“I was made redundant quite suddenly and it took me over three months to get offered another job. Unfortunately, by the time the employer wanted me to start, I ended up with a six month gap on my CV. I want to move my career forward again now but I’m worried about how this looks if apply for other jobs. What can I do?”
Marc was very concerned about this issue and it’s one that gets raised regularly where people have had a break between positions, chosen or otherwise, or had a gap after university and before work.
So what can you do?
Stop worrying about it, is the first thing. Sure, if you’ve taken a gap year and it ended up being fourteen years long then you do have a problem. Otherwise, breaks between jobs and career breaks are now common.
Being upfront about any such gaps is the next positive step. I’m not suggesting you take out national advertising space and tell the world, but don’t try to bury it secretly. A good interviewer will identify gaps and it looks as though you do have something to hide if they’re masked.
Thirdly, think about what you did or learned during that period. “I sat and watched day-time TV for six months” wouldn’t do you any favours but I’d be willing to bet that’s not what you did anyway. Even if all you did was apply for other jobs then you no doubt developed your written and verbal communication skills, your search and research skills, your online skills, etc. etc. Translate the negative into a series of positives.
Breaks can occur for countless reasons, none of which are necessarily your fault. Share prices fall, bosses change, customers go away, priorities change – the list is endless. It happens. Employers are more concerned that you haven’t had an unidentified spell in prison than they are about whether everything in your life went perfectly or not.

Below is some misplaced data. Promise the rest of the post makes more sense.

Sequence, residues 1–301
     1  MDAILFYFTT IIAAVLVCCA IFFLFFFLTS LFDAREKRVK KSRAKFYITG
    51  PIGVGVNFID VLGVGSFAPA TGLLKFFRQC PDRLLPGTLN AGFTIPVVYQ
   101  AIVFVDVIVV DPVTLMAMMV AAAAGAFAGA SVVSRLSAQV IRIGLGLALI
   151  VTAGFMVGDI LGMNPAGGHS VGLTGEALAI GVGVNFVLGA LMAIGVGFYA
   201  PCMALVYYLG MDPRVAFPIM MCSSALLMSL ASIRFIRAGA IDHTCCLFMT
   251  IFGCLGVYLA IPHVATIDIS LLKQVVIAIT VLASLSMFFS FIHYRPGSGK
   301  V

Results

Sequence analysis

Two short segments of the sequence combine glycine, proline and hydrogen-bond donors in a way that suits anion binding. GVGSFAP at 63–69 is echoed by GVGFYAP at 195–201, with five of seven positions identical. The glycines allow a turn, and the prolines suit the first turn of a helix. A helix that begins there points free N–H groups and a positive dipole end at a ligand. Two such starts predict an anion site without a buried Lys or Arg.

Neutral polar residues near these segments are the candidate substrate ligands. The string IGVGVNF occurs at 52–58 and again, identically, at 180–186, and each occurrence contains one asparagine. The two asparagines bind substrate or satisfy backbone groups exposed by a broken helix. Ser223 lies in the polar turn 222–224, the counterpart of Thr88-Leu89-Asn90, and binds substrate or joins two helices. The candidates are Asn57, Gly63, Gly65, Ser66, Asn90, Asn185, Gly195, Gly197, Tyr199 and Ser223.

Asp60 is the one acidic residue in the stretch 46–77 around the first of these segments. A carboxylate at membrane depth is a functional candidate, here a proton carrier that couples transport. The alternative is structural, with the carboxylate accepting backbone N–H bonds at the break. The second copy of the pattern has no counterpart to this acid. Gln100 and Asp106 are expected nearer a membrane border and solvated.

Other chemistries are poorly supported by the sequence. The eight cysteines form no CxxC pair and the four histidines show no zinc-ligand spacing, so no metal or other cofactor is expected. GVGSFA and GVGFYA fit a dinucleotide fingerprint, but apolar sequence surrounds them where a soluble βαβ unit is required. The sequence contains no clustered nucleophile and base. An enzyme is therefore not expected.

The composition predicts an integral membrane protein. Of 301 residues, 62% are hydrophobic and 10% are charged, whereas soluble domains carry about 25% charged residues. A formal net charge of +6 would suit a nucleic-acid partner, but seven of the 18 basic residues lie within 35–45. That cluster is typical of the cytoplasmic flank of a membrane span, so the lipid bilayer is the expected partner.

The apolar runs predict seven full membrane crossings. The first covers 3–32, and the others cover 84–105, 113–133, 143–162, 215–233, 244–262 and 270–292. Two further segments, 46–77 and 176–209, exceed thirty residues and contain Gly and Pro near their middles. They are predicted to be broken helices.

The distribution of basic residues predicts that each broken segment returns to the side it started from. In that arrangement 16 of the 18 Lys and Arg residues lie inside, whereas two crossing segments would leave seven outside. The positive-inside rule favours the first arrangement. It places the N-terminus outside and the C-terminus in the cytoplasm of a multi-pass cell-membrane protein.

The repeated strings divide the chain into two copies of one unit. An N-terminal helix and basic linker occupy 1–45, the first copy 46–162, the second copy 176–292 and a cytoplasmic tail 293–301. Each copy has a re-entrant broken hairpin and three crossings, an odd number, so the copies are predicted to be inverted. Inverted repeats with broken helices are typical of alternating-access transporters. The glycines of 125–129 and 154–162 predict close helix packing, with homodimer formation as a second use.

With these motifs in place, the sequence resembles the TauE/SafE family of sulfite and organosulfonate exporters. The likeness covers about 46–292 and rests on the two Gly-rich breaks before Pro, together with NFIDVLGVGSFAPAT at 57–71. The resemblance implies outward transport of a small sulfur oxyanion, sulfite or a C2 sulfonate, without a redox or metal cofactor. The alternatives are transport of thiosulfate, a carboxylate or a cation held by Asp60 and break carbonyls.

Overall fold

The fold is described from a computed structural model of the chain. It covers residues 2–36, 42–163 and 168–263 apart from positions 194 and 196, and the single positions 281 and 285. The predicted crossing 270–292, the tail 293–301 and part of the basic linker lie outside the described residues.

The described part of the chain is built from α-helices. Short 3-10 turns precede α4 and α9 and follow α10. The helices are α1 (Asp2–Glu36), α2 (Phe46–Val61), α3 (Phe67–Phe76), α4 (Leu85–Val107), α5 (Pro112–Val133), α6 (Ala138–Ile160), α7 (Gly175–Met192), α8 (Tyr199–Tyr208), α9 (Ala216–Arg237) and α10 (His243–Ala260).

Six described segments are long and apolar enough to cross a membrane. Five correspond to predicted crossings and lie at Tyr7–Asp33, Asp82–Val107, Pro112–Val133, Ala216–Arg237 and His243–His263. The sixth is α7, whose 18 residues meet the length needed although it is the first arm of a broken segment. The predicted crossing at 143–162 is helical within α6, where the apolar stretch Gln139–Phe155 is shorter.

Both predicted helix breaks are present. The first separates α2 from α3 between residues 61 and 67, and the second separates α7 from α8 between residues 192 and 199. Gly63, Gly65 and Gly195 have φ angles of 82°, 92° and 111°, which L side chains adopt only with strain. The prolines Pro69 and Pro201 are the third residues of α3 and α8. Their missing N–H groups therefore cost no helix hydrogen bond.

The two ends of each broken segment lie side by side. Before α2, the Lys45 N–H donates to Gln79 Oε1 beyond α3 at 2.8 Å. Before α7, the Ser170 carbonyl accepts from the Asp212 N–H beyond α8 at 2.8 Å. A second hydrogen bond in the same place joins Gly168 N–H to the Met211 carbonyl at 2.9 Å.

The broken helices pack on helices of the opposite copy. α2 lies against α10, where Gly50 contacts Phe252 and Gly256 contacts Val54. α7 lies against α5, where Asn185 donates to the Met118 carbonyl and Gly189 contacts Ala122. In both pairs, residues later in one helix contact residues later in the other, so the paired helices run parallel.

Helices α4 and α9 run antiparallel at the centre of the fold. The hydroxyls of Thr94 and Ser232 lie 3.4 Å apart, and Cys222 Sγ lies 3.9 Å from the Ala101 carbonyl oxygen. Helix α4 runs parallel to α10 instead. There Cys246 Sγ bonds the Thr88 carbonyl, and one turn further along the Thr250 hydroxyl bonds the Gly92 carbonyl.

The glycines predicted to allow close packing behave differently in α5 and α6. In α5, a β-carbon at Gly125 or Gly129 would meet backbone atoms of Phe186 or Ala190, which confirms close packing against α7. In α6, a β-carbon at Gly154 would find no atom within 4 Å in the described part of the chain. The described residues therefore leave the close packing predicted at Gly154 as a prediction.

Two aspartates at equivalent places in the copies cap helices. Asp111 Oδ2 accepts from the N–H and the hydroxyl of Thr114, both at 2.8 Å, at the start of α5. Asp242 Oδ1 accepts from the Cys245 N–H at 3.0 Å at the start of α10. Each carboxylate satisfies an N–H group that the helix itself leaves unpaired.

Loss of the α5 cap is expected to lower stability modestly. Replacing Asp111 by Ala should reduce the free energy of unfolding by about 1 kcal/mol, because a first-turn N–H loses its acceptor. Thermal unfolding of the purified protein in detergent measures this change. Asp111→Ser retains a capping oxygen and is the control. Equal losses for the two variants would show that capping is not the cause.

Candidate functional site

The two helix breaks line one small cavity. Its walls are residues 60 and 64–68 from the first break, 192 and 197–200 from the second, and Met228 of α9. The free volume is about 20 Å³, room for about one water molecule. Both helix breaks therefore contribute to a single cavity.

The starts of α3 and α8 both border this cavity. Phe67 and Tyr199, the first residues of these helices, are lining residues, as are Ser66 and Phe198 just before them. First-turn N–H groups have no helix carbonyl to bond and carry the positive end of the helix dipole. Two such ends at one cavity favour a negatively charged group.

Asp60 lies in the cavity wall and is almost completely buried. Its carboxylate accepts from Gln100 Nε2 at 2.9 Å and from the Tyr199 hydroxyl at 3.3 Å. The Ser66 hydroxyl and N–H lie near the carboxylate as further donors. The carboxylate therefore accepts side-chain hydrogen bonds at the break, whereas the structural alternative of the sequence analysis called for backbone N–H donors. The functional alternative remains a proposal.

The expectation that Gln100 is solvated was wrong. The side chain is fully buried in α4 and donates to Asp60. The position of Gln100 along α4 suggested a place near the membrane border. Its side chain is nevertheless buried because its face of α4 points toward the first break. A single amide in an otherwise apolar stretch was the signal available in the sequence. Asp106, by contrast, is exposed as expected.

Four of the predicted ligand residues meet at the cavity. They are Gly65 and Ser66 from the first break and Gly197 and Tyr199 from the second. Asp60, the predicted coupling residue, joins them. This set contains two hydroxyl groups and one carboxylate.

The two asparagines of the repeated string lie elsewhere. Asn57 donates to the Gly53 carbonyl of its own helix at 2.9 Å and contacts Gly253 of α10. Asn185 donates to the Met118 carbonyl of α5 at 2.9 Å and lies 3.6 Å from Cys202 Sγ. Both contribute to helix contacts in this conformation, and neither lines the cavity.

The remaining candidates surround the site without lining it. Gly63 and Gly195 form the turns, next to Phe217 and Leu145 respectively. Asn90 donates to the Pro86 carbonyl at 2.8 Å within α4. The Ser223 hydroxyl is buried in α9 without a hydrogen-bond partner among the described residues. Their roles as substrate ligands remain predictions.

On the grounds that ‘it’s the shit that makes you stronger’, you’re less valuable as an employee if you’ve never met an unplanned challenge in your life.
What if it was your fault? Perhaps you made a mistake, you didn’t hit your targets or you did something bad? The important thing is to show that you’ve recognised your responsibility for the situation, learned from it, adapted and moved forward.
If you think about it, supervisors and managers make decisions all day every day. Do you imagine for one moment that every one of those decisions was the correct one? Simplistically, if they get it right more often than not, things are moving ahead and they get rewarded accordingly.
Think about your own job history and careers in the same way. Concentrate on what you’ve achieved and worry less about what you haven’t or what went wrong.
I hope that helps. Do email me if you have a more specific problem that isn’t covered here and I’ll do my best to answer. Contact me at firstname.lastname@example.org